When I arrived in Taiwan in 2008, I used to be able to get tickets (online) on the Taroko Express to Hualian if I made sure to book at least a week or more in advance. As time went on, even after the Puyuma Express was added, it became more and more difficult. Eventually I could only get a ticket on either express train if I made sure to order at midnight the day they became available (two weeks ahead).

Now, I haven’t been able to get a ticket on one of these trains for probably the past year or two. Even when I try at midnight on the first day of availability, I always get “No Tickets Available.”

I hope the obvious corruption in the system can get rooted out.


#14

A sneaky way around it but unfortunately won’t guarantee you a reserved seat is to just buy a local train ticket, and get on the fast train anyway. Inevitably there is always empty seats and when the ticket guy comes around you flag him down and show him your local ticket and just say you want to upgrade. He just charges you the difference and away you go.


#15

I had the same experience,over the last few years when Chinese tourism opened up its been basically impossible to buy those tickets. Haven’t been able to take the puyuma train…ever!

So much for ‘benefiting’ local people.

East cost of Taiwan is basically run by the mafia, KMT go along with it as long as they support central government votes.


#16

I always take a day off before any holiday and a day off after the holiday if we are going to be taking the train. We can usually good tickets by doing things this way. I’ve never done the wait until midnight two weeks before thing Steve4nLanguage talked about. And so we’ve taken the Puyuma several times. It’s nice. We’ve got two kids so the table of four with the seats facing each other is a cool way for us to travel. The Taroko is also not bad. It reminds me, when our son was three, he could name most of the train types, all the way down to the Chu Jien Che (Local Train that stops at every station).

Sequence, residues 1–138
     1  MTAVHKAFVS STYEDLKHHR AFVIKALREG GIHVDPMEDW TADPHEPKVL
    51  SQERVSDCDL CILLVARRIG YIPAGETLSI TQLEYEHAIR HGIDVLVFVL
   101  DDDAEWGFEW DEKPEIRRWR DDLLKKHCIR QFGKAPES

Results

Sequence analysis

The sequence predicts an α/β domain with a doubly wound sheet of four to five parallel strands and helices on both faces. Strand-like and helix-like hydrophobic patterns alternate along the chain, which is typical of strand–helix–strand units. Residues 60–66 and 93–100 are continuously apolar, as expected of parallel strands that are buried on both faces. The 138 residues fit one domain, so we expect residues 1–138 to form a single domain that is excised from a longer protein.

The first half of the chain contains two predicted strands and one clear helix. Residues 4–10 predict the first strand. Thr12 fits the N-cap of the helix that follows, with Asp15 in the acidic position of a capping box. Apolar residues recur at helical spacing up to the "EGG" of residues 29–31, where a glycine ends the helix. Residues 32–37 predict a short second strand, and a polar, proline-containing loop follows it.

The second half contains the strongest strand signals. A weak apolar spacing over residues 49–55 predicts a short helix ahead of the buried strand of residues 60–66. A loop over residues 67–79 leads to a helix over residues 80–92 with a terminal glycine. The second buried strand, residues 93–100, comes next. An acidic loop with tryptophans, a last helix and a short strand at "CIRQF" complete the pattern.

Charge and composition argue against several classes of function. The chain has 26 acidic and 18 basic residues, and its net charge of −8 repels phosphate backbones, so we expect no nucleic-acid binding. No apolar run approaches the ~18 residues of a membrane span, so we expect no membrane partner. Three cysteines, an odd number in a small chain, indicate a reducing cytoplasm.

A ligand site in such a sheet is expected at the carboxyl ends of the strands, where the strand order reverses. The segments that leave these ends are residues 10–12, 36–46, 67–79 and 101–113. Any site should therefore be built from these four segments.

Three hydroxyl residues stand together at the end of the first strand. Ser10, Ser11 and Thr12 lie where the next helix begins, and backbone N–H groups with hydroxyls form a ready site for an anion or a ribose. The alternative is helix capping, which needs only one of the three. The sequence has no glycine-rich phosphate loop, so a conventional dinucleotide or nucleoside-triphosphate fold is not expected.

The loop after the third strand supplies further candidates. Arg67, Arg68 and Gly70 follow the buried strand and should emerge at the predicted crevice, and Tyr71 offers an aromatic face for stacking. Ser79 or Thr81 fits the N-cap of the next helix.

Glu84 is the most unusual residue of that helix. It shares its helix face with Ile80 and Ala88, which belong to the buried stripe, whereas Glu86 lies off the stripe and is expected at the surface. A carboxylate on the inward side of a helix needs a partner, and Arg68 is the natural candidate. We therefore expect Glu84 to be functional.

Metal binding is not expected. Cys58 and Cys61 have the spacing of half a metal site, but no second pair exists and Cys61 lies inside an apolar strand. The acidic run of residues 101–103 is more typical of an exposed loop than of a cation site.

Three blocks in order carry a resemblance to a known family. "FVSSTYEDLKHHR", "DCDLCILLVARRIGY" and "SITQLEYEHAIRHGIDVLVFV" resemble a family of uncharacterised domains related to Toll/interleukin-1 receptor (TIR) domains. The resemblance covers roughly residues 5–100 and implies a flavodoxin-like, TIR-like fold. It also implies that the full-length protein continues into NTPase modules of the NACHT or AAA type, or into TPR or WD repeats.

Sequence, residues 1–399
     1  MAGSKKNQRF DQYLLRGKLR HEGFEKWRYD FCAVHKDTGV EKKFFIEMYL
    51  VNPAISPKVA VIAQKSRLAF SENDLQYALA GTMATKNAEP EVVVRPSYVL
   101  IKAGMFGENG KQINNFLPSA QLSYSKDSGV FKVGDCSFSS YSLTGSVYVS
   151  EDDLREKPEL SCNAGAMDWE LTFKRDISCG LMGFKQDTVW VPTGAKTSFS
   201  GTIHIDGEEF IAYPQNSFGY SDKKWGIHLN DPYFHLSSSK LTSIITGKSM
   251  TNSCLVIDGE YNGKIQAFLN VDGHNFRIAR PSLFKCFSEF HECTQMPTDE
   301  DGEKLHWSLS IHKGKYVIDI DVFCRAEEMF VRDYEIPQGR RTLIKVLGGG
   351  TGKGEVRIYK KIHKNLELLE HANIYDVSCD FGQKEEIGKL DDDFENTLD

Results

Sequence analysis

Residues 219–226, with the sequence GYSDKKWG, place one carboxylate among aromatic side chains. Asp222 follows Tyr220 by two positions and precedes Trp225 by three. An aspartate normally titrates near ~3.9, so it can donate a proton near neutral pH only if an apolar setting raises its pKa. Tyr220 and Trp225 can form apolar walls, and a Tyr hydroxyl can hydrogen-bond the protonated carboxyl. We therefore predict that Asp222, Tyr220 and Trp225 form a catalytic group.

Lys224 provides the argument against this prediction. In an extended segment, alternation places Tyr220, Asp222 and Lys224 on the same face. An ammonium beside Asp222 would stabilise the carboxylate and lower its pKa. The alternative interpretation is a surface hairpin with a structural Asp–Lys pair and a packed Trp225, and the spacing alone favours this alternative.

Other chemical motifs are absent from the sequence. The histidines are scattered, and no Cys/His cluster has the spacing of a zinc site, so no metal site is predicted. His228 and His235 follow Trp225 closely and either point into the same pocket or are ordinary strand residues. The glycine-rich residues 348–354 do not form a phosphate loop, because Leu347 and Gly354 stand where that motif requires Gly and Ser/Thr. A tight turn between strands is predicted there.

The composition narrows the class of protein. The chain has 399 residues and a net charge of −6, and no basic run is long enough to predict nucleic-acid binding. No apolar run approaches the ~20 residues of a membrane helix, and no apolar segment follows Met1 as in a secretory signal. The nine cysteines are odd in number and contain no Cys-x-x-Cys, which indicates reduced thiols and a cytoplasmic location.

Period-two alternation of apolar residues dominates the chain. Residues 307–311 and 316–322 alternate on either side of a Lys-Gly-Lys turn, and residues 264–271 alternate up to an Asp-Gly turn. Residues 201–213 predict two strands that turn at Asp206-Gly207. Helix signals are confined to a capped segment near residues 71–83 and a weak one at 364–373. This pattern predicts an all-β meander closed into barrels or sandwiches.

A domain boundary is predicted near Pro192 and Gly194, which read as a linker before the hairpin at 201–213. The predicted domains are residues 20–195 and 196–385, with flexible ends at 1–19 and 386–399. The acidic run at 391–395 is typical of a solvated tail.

When the number of Chinese tourists started to drop, every person in Hualien I know had a “good riddance” attitude. I’m definitely right there with that sentiment.


#17

Really? How do you purchase the tickets, online? Would be great if I could get some tickets finally, got a trip coming up soon. Whenever I’ve asked the wife to check she says they are booked out.


#18

I usually do the booking because our computer at home sucks. You can do everything on your phone but it’s good to use two tabs as I’ll explain below.

Go here:
http://twtraffic.tra.gov.tw/twrail/English/e_index.aspx

Click on “order tickets.”

Click on “Inquire Available Tickets.” You can use your ARC number. You just need proof that you are the same person when you pick up your tickets.

Navigate through the couple of pages.

Click on the train number to order. Copy the order sheet or whatever and take that with you when you buy the tickets.

I usually keep that first tab open and get a list of the trains by using the drop-down menus so you know what you’re ordering.

All in English. Very easy.


#19

Yes, this is the site I’ve always used. However, I challenge anyone to get a ticket on the Taroko or Puyuma express for a weekend trip. As I said, I haven’t been able to get one for the past year or two…constantly “No Tickets Available.”


#20

Thanks for the link, it’s good to see they have finally added foreign ID purchase.

For this Friday I checked availability. There are seats available but only in Chu Kuang of ithose I checked. 3.5 hours is painful for us and the kids although doable if absolutely necessary (would rather pay extra to go faster).

Probably would have to book earlier of course to have a chance at all for the express trains. But as I mentioned my wife has checked regularly before and never been able to get.

It’s a pain to check availability one by one, for a company that gets billions in investments they are really far behind the times.

That said at least buying a ticket doesn’t cost an arm and a leg. Interesting to note maximum you can book online per ID is six.